New Tool Now Available for Eagle Conservation and Mitigation

As part of the American Wind Wildlife Institute’s (AWWI) Eagle Initiative, AWWI has published a modeling tool that advances the science needed to facilitate wind energy development while conserving eagles. The model can also support broader eagle conservation efforts beyond wind energy.

The new modeling tool has been published in the September issue of Ecological Applications, the peer-reviewed, scientific journal of the Ecological Society of America, and is now publicly available for companies, wildlife agencies, and scientific and conservation stakeholders to evaluate and implement in the field.

The new model helps solve a scientific and practical challenge raised by eagle conservation law: how to reliably quantify the number of eagles saved by a given technique. Quantification of conservation and compensatory mitigation techniques is essential, and required, as the U.S. Fish and Wildlife Service seeks to protect eagles under the Bald and Golden Eagle Protection Act and ensure “no net loss” of eagles as part of its permitting process for wind energy facilities and other operations that may pose a risk to eagles. Currently, power pole retrofitting to prevent eagle electrocution at power lines is the single technique to offset the harming or killing of an eagle.

AWWI industry and conservation partners recognized the challenge of expanding the number of such conservation and mitigation tools, and are addressing it as one of several priorities for AWWI’s Eagle Initiative to advance wind energy development while conserving eagles. Publication of the new model is an important step forward in developing reliably quantifiable options beyond power-pole retrofits.

A team of independent eagle experts worked with AWWI to identify new options based on known threats to eagles (such as poisoning, and loss of high quality habitat) and the effectiveness of the mitigation in increasing eagle populations. The next step was to design models that reliably and quantifiably verify the number of eagles saved by the proposed mitigation techniques. In this instance, the newly published model quantifies the results from voluntary abatement of lead poisoning in golden eagles in a given geographical area. Additional models under development for this new Eagle Conservation and Mitigation Toolbox will look at roadside “road kill” carcass removal to avoid eagle collisions with vehicles, and habitat improvement.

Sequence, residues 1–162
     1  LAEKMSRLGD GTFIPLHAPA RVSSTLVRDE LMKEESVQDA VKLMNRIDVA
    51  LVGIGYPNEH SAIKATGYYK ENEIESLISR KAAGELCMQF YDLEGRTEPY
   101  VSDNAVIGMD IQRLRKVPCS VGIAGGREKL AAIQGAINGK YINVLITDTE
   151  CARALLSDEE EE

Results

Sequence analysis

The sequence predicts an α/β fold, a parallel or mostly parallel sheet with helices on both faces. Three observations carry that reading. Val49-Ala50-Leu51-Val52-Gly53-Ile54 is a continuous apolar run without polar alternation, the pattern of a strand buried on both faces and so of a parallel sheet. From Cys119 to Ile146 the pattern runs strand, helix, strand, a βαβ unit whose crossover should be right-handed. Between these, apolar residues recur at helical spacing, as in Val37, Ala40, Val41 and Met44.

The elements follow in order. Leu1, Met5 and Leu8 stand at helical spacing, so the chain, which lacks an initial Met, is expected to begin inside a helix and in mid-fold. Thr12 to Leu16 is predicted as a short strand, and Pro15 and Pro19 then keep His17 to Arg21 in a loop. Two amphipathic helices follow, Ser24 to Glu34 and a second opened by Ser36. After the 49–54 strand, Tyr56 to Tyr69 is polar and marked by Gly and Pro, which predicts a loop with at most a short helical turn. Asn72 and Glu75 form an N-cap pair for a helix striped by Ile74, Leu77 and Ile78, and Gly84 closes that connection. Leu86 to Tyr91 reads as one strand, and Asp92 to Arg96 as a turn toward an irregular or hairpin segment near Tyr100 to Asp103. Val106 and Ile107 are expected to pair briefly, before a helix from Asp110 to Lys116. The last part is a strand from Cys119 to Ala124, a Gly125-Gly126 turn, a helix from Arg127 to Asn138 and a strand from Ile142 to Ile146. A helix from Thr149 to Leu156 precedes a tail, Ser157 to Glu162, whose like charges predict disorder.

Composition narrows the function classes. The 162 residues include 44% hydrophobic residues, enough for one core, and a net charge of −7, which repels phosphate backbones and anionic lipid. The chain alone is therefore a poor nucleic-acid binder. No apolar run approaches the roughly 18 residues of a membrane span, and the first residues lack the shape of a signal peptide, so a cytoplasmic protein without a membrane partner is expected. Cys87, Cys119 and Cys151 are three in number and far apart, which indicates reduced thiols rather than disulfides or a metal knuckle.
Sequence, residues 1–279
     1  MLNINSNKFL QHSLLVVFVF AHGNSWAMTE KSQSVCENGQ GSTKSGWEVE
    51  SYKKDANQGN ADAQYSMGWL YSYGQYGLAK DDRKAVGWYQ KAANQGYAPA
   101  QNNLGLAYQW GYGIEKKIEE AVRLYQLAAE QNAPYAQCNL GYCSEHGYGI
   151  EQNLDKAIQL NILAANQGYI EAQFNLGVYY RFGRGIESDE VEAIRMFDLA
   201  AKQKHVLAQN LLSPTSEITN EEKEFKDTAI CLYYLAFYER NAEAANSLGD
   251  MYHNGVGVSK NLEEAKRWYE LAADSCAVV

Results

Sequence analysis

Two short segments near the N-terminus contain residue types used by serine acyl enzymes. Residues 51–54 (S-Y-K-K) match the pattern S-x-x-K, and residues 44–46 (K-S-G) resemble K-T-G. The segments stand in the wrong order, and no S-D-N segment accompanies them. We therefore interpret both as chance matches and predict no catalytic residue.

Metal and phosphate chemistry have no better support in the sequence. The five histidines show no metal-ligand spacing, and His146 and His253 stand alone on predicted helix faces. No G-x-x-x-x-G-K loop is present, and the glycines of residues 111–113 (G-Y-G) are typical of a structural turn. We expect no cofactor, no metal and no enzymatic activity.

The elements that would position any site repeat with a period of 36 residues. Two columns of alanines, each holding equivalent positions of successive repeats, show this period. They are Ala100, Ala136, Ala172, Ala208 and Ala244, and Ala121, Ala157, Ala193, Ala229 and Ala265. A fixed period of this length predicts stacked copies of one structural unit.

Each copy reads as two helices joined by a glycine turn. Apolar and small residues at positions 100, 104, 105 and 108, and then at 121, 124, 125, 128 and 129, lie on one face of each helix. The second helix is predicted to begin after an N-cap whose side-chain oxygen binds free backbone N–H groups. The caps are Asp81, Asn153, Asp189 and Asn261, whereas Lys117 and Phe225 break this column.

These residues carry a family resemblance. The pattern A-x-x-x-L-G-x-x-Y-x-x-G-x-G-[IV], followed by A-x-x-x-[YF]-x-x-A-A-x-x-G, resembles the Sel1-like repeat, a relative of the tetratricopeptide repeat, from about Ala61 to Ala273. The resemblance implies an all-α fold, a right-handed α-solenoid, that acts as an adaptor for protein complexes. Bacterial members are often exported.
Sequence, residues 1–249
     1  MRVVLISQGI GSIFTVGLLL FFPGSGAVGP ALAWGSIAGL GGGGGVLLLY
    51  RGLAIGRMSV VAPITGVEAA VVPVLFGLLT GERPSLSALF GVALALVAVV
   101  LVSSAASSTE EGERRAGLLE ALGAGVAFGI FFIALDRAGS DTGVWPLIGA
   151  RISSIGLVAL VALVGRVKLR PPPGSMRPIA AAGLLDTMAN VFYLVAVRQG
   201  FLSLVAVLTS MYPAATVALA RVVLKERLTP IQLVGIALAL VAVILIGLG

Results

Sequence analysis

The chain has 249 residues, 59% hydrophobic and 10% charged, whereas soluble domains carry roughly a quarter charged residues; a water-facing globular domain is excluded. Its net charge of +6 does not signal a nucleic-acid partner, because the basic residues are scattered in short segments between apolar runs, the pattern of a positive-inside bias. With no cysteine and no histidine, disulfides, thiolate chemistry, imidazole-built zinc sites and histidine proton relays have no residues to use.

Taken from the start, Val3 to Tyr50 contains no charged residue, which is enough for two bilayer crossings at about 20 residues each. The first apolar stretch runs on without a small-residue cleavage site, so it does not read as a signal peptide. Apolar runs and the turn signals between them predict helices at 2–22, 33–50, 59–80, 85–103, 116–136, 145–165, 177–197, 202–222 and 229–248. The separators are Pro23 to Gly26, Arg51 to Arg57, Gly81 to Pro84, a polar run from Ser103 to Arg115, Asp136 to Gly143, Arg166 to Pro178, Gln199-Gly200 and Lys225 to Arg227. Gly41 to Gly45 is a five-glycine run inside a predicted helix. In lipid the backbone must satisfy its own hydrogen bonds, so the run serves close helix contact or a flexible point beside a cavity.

In addition to the Eagle Conservation and Mitigation Toolbox, AWWI’s Eagle Initiative works to improve the accuracy of predicting risk to eagles from the siting and operation of a proposed wind facility, and to advance measures that avoid and minimize harm to eagles.

Wind energy companies — and other entities or activities — that pose a risk to eagles as part of their normal operations are required under the law to first take all reasonable steps to avoid and minimize individual eagle fatalities. Federal law prohibits prohibit the taking (killing, wounding, or disturbing) of bald and golden eagles without a permit.

For a copy of the publication click here.